By Junaid Dadan
South Africa’s payments ecosystem has seen a significant evolution, particularly over the past 3-5 years.
As consumer expectations have become more demanding and use of digital payments has grown, there is a race among payments providers and merchants to offer better, faster and more innovative payment methods.
Just a few years ago, the only way for South Africans to pay digitally was via card or manual bank transfer.
The latter of which is executed by logging into a banking app or portal, entering recipient details and initiating a transfer – which can be cumbersome and prone to fraud.
On the other hand, while more convenient, businesses that only accepted card left a significant part of the population unserved.
A large part of the rising demand coming from South African consumers has been a desire for easier, faster and more secure ways to pay.
As the open banking wave has swept other global markets, it has also taken hold in South Africa, pushing the payments landscape toward a more sophisticated Pay by Bank offering that can better meet those demands.
Instant EFT was one of the first innovations developed and offered by third party payment providers to enable fast and affordable payments directly from a consumer’s bank account to that of a merchant.
It was designed to enable consumers to initiate transfers from their bank accounts without leaving the merchant’s app or site, and at a lower cost to the merchant than card payments.
Banks were initially skeptical about the need for and benefits of Instant EFT, but this has since changed.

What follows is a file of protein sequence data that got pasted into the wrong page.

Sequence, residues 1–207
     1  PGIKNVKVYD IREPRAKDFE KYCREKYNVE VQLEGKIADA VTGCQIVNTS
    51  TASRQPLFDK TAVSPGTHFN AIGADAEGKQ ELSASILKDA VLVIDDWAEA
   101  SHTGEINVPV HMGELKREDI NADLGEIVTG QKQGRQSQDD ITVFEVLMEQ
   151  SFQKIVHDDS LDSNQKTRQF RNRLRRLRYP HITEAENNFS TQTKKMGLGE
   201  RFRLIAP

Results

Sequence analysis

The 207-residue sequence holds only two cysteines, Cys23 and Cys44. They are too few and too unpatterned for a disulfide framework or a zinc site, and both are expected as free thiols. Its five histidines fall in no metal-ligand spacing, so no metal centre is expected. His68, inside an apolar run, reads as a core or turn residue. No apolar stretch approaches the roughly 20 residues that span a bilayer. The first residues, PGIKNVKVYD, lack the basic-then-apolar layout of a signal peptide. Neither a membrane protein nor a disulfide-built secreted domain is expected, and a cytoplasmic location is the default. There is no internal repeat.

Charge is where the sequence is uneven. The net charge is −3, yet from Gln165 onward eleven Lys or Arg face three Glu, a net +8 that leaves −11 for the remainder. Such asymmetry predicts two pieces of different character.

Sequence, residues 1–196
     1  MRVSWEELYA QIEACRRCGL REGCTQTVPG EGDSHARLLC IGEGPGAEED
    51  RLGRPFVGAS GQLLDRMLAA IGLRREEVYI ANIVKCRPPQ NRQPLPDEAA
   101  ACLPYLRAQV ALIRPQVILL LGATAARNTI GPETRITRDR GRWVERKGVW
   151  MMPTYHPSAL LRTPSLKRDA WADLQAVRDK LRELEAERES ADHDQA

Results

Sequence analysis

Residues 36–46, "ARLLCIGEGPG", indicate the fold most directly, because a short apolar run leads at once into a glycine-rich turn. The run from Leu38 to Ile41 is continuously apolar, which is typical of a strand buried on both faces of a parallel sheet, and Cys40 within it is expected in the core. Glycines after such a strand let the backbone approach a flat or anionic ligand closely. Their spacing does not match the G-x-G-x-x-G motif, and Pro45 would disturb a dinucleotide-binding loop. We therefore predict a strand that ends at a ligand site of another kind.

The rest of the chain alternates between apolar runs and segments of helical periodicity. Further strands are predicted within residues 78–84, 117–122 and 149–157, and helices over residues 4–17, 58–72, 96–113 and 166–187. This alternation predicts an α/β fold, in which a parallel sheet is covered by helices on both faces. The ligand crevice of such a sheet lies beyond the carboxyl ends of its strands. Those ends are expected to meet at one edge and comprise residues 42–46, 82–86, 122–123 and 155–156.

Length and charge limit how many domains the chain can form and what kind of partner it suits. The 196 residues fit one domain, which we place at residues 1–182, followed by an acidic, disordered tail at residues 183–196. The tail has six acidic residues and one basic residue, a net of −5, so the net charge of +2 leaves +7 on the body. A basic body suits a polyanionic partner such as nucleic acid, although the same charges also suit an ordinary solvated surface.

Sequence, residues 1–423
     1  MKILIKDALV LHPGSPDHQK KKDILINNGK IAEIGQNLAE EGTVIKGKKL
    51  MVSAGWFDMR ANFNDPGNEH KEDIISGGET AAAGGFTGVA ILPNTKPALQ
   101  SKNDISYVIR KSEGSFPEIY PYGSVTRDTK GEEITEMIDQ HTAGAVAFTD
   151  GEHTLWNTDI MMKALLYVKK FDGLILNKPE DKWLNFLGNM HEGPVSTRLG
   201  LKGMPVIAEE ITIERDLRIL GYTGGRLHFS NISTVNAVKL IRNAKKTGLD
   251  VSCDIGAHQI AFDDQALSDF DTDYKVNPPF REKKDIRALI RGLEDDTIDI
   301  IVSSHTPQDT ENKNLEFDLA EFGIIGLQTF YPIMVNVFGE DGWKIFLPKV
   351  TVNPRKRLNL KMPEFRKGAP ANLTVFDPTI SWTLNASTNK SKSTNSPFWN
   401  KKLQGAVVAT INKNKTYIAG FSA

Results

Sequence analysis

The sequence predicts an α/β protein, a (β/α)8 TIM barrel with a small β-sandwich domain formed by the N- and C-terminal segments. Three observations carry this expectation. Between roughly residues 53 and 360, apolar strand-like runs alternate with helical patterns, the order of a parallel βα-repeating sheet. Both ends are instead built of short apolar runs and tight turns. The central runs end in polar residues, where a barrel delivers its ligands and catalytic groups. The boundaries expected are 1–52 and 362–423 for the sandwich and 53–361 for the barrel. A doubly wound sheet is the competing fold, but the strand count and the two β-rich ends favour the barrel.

Now, individual banks are working to launch their own versions of direct bank to bank transfers via API, which can provide a similar experience to that of Instant EFT.
This will usher in the next phase of Pay by Bank in the South African market.
What’s next for bank to bank payments in South Africa?
Today, Pay by Bank is the fastest-growing payment method in the country, and it encompasses more than Instant EFT payments.
Capitec Pay and similar offerings currently in development from other major banks, along with PayShap, will shape the future of bank to bank payments.
I believe we’ll see Instant EFT begin to phase out in place of these direct offerings from banks.
However, because Pay by Bank APIs in South Africa are a market-driven initiative rather than a response to regulation (e.g. PSD2 in Europe), the rollout of these APIs is complex.
There is no agreed standard amongst banks for the functionality and business rules around this. For example, timelines to make these APIs available are solely at the discretion of each bank, and as a result, they are uncertain.
Access to the APIs is also at the discretion of each bank, and not all merchants qualify.
For these reasons, it’s likely that Instant EFT and the equivalent bank APIs will live side by side for some time.
Even once every bank in South Africa offers a Pay by Bank API, however, accessing and managing multiple integrations will continue to be complex.
Separate and bespoke technical integrations are required for every bank, multiple commercial agreements are needed and the compliance burden of supporting these methods is high.
Payment gateways like Stitch are now even more critical to enable access to and management of all Pay by Bank methods, as well as card, manual transfers and debit orders, through a single integration.
This will allow businesses to better meet the expectations of consumers and offer access to all Pay by Bank solutions while reducing the complexities of managing and reconciling payments across methods and banks.